Review: Women, united: Evil stirs ‘The Madres’ to action in Argentina
Evil can look benign. It can appear official. It can masquerade as kind. It can show up at the door in the form of a boy you watched grow up, now wearing a crisply pressed military uniform as he strides about asking questions.
In the new play “The Madres” at the Skylight Theatre in Los Feliz, the malignity emanates from the military dictatorship in Argentina from 1976 until 1983. During that period, an estimated 9,000 to 30,000 people disappeared during the forced conformity of the National Reorganization Process. Then as now, the mothers of the disappeared gathered publicly to show those in power that they saw what happened and weren’t going to let anyone deny or forget.
They are the madres of a story by Los Angeles playwright Stephanie Alison Walker. Because of family connections she visited Argentina as a child throughout the 1980s, and she lived and worked there for several months in 1998. She learned about the madres as an adult and once went to march with them. Among her reasons for writing the play is to educate Americans about a history that many don’t know.
That’s a worthy goal, and Walker layers in a lot of information. The piece is explanation-heavy, however, and slow to build. Most crucially, it lacks menace in a mostly flat, momentumless staging overseen by director Sara Guerrero.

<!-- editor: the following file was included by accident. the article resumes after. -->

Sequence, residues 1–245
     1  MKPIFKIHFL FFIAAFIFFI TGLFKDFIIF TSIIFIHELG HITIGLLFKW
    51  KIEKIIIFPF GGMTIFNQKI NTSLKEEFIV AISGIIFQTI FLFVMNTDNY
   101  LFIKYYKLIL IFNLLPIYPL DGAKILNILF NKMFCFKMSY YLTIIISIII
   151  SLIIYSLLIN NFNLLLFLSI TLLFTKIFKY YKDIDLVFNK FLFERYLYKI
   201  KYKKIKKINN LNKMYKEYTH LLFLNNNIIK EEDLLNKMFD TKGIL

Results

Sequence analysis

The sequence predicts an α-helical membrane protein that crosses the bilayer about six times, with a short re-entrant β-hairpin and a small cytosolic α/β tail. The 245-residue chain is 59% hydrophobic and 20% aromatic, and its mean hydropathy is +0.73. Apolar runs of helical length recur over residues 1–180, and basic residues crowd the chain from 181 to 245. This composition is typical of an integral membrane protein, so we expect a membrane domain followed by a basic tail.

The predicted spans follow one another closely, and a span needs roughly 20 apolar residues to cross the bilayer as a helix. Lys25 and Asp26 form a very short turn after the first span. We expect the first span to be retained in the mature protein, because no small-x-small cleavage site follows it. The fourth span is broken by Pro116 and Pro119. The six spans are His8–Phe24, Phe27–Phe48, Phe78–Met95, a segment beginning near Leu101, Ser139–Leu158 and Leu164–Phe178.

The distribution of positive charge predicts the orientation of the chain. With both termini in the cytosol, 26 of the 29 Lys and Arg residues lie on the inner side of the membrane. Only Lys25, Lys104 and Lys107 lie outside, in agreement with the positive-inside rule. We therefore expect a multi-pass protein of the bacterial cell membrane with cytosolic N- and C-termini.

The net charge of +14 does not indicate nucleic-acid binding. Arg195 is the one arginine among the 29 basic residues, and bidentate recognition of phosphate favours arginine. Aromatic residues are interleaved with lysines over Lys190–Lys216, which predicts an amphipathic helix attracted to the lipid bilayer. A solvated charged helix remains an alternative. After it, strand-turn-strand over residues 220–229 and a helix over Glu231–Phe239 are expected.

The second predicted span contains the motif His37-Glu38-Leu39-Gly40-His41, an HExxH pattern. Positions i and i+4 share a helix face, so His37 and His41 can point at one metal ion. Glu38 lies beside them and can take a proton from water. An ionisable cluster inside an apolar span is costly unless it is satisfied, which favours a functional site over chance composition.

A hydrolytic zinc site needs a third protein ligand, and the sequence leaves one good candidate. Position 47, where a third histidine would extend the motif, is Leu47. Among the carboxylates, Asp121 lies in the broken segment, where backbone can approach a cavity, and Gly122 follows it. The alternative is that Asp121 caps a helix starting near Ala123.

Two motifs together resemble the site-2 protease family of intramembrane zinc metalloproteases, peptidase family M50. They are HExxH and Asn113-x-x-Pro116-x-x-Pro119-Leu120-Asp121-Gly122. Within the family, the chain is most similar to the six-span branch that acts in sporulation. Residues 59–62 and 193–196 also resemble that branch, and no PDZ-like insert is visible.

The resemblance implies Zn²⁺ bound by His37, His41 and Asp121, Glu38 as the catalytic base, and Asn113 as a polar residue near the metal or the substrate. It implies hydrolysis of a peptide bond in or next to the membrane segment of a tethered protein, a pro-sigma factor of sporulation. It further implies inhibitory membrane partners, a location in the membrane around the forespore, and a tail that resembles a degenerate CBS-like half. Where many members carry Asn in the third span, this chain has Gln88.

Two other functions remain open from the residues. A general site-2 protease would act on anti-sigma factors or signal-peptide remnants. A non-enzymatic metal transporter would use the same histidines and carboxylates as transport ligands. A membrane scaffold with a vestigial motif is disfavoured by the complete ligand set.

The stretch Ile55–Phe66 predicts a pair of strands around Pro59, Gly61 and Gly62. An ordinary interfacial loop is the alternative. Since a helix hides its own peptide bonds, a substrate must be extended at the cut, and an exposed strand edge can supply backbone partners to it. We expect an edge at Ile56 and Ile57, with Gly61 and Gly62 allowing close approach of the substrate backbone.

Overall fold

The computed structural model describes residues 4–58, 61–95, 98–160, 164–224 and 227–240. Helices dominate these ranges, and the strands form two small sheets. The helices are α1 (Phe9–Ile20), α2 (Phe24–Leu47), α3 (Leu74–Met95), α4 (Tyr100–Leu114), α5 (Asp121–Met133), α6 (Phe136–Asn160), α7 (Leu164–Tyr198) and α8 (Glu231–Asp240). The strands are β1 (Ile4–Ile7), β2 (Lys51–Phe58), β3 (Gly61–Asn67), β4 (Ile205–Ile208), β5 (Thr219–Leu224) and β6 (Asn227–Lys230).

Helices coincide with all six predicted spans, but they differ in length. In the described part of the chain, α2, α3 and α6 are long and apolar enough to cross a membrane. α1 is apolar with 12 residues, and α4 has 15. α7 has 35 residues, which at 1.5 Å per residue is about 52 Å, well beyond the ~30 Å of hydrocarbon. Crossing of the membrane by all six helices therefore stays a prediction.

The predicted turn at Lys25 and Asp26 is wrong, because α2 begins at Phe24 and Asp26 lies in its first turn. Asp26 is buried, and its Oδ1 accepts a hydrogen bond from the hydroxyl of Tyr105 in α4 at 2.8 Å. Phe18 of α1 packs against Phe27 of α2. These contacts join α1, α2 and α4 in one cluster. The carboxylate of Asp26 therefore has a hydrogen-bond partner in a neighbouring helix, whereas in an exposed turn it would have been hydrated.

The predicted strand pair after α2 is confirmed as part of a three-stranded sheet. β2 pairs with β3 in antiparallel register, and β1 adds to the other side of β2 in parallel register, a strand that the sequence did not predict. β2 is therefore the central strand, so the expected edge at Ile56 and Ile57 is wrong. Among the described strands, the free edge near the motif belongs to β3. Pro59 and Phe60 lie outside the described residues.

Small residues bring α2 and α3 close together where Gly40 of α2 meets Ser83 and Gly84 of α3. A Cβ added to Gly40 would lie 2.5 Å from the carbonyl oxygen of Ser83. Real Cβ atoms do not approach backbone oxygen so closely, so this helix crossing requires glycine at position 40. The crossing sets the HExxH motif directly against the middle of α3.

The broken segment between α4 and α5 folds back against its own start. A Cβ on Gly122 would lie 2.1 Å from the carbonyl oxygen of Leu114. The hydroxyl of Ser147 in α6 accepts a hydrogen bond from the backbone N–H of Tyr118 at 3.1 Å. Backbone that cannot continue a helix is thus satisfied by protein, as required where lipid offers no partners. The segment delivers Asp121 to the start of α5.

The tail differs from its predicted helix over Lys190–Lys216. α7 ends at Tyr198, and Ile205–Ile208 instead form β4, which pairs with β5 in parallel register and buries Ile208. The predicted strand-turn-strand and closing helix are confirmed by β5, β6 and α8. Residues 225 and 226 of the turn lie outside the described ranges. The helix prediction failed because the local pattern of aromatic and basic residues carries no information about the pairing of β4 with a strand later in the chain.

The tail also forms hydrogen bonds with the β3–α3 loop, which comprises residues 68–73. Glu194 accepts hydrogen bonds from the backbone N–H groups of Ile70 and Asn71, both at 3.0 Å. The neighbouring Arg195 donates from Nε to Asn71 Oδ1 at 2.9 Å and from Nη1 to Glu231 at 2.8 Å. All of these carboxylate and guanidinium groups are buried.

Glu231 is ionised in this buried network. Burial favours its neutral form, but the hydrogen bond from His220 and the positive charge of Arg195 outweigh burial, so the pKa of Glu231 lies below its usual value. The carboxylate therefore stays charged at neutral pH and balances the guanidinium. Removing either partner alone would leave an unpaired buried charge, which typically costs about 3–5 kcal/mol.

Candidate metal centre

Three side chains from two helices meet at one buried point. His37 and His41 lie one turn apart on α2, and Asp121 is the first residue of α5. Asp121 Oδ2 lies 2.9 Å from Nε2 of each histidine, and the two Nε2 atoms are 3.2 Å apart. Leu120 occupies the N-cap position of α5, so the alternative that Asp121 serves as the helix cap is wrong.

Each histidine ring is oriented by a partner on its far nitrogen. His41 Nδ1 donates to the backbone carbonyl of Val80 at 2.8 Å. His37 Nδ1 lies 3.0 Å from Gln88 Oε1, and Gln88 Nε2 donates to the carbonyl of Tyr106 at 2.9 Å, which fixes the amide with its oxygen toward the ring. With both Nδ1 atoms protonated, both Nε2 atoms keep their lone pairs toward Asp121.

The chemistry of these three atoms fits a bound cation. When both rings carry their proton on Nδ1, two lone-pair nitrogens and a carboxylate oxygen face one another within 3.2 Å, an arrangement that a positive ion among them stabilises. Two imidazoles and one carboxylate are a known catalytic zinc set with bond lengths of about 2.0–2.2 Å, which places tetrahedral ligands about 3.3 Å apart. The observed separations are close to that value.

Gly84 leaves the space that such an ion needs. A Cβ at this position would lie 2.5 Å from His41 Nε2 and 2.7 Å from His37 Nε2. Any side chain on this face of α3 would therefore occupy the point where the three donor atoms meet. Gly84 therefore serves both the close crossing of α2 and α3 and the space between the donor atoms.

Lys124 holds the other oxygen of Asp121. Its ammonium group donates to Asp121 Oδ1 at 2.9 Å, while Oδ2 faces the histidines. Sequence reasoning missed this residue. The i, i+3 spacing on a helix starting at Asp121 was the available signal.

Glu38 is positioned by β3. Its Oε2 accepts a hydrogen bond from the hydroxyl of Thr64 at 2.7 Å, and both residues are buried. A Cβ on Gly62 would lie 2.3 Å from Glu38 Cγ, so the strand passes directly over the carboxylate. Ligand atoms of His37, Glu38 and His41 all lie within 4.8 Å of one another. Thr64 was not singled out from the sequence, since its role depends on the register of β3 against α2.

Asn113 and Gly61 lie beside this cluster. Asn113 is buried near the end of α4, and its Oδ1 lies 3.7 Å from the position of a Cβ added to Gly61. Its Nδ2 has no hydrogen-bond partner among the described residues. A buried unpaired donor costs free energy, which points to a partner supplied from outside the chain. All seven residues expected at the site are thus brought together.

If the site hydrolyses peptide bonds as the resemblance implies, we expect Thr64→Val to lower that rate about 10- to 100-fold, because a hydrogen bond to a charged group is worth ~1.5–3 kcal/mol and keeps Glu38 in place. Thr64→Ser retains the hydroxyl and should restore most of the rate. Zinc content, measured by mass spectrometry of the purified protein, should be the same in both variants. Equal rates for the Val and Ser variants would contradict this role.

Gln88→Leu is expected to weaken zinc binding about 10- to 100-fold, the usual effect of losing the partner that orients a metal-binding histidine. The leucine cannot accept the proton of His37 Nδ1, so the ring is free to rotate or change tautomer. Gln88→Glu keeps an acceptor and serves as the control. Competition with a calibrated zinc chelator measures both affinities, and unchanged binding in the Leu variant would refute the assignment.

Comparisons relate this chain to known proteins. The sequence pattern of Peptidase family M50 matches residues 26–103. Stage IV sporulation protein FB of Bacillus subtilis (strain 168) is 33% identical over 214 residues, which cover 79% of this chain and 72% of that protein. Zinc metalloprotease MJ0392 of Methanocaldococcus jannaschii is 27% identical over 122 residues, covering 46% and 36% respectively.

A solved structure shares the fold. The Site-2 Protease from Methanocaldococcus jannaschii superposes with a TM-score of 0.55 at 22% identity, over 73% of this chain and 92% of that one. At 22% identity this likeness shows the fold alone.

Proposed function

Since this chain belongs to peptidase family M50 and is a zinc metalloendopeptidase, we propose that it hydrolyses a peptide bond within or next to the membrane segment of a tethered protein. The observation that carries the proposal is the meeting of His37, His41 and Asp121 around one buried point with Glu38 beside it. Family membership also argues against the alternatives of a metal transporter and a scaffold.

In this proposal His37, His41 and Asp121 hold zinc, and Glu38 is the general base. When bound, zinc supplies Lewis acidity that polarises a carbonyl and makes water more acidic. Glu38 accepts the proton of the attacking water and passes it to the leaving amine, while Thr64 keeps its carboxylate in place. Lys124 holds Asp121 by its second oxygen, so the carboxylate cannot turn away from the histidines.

The story unfolds in Buenos Aires in 1978. As the performance begins, photographs of marching women and portraits of missing loved ones are projected onto the walls of an unassuming apartment (set design by Christopher Scott Murillo, projections by Nick Santiago). A nation’s tumult has insinuated itself into every nook and cranny of this household, which is presided over by Josefina Acosta, a precise, plain-spoken woman in her late 60s (portrayed through this weekend by Margarita Lamas, then by Denise Blasor).
Josefina is perfectly ordinary, but her family has become of interest to authorities. Unannounced visits begin. The first is by a priest (Gabriel Romero) from their parish who was reassigned to a government facility. Then comes a young soldier (Alexander Pimentel) who grew up alongside Josefina’s granddaughter.
The granddaughter has gone missing and her mother — Josefina’s daughter, Carolina (Arianna Ortiz) — has become one of the marching madres.
The Skylight production is most effective at capturing family interplay, quarrelsome when boundaries are overstepped, fond when common ground is regained. Although the first act drags through stretches of exposition, the second half sparks to life in the simultaneously tender and fierce emotions surging between Ortiz’s Carolina and Natalie Llerena as a visitor who’s only half-expected. Their haunted minutes together are raw and real — a riveting depiction of all that’s precious.
Theaters in San Diego, Chicago and Austin, Texas, have lined up to present “The Madres,” so decision-makers clearly see value in this script, particularly at a time when female solidarity is making headlines. This first production isn’t all that it could be, but perhaps Walker and her future theatrical partners will find ways to move audiences’ hearts into their throats.
♦ ♦ ♦ ♦ ♦ ♦ ♦ ♦ ♦ ♦
Where: Skylight Theatre, 1816½ N. Vermont Ave., Los Feliz
When: 8:30 p.m. Fridays and Saturdays, 2 p.m. Sundays, 8 p.m. Mondays (except April 2); ends April 29
Info: (866) 811-4111, skylighttheatre.org
Running time: 1 hour, 55 minutes
Your essential guide to the arts in L.A.
Get Carolina A. Miranda's weekly newsletter for what's happening, plus openings, critics' picks and more.
You may occasionally receive promotional content from the Los Angeles Times.